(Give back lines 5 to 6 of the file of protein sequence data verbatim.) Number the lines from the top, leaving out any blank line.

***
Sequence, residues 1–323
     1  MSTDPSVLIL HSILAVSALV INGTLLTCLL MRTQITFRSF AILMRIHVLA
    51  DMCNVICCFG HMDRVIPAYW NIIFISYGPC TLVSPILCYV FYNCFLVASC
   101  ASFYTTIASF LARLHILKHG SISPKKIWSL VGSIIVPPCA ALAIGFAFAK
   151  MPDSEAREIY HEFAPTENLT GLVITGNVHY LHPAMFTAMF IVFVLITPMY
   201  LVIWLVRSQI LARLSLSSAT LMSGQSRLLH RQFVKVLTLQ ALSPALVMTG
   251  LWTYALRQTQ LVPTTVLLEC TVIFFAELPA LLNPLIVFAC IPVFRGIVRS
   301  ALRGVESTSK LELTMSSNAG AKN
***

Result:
   151  MPDSEAREIY HEFAPTENLT GLVITGNVHY LHPAMFTAMF IVFVLITPMY
   201  LVIWLVRSQI LARLSLSSAT LMSGQSRLLH RQFVKVLTLQ ALSPALVMTG